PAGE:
Like it or not, it is imperative that advisors all have a strong digital presence today, according to Michael Kitces, head of planning strategy at Buckingham Wealth Partners.
“At some point between” when a client meets an advisor in person for the first time and “when they sign for you to be a client, they are going to pull out their smartphone and Google your name,” he said Thursday during the Pershing/BNY Mellon webcast “How RIAs Combine Best-in-Class Technology with Smart Marketing.”
And they will do that if only to make sure you’re not Bernie Madoff’s “lesser-known partner that they didn’t catch the name of originally” after he was arrested for his massive Ponzi scheme, Kitces noted.
“It’s just a fundamental level of due diligence that even the people who get referred to you are going to” do, he said, adding they want to “make sure you aren’t a criminal” and that you are a “legitimate, bona fide, credible professional.”
Kitches warned that “if you don’t show up digitally in a way that makes you recognized as a bona fide, legitimate, credible professional, all that ends up happening in practice is you get a referral and you never hear from them.”
He pointed to a recent survey in which clients were asked how often they made referrals to their advisors. At many firms, upwards of 70% of clients said they had made referrals in the past year, but advisors indicated that only about 20% of their clients had done so.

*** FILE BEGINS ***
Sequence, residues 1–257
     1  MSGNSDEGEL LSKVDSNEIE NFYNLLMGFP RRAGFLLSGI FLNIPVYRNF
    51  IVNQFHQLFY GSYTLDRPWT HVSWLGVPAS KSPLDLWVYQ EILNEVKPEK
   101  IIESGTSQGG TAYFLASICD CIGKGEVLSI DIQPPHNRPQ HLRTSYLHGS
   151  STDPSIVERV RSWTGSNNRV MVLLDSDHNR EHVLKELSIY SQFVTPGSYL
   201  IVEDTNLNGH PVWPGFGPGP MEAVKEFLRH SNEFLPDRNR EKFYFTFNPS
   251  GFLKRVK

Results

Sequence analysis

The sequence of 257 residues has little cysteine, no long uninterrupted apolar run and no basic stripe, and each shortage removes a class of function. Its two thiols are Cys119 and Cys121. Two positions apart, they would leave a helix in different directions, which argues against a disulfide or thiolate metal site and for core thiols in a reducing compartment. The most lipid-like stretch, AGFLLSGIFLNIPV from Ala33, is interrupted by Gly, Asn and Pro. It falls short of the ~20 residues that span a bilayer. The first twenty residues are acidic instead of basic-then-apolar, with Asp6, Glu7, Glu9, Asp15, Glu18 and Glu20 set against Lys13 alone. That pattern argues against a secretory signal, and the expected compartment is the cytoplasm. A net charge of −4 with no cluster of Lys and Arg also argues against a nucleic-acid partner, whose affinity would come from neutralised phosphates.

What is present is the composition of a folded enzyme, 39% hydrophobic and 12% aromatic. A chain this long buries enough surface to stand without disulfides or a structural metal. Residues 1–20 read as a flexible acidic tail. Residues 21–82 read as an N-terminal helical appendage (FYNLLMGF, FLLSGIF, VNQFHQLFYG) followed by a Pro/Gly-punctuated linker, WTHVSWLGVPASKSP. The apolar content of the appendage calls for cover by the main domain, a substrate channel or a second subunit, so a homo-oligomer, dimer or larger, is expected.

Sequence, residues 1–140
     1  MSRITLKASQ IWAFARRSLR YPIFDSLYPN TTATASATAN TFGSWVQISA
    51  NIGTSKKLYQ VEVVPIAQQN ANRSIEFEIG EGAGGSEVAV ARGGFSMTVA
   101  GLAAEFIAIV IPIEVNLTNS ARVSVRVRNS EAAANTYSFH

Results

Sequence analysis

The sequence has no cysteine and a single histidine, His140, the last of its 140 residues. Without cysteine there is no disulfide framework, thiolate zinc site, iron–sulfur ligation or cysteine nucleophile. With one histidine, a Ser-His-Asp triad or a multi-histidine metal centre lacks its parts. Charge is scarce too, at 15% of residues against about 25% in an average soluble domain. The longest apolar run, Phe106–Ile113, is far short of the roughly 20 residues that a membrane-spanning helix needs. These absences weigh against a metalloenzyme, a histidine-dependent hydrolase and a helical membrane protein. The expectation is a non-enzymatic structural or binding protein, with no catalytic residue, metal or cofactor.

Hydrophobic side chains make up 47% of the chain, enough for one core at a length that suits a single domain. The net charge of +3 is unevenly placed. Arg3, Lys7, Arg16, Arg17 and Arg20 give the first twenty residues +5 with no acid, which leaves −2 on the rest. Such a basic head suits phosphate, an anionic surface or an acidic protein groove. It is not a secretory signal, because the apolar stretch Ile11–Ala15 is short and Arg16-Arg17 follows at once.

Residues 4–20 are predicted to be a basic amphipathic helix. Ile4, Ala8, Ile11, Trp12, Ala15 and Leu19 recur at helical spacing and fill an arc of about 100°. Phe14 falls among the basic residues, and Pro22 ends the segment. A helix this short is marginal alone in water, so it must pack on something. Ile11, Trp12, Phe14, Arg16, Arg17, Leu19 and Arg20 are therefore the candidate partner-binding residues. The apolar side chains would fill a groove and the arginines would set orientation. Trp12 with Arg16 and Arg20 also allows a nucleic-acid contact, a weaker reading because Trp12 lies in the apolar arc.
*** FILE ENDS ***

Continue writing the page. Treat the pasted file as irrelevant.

“You never even see the referrals you strike out on because they try to scope you out online and make sure you’re a credible professional and they weren’t impressed enough with what they saw to even follow through on the referral,” he told viewers.
“Smartphones and Google searches are too ubiquitous” to avoid, and people are using them for “anything we’re buying” now to “make sure we’re not about to make a decision we’re going to regret,” he pointed out.
Megan Carpenter, CEO and co-founder of financial services communications firm FiComm Partners, pointed to a study in which the average person referred to a business has “seven touch points with you digitally before they ever speak to you, and that just reinforces Michael’s point,” she said.
“Being digital first just very simply is showing up where people are — and people today are on their phones,” she added.
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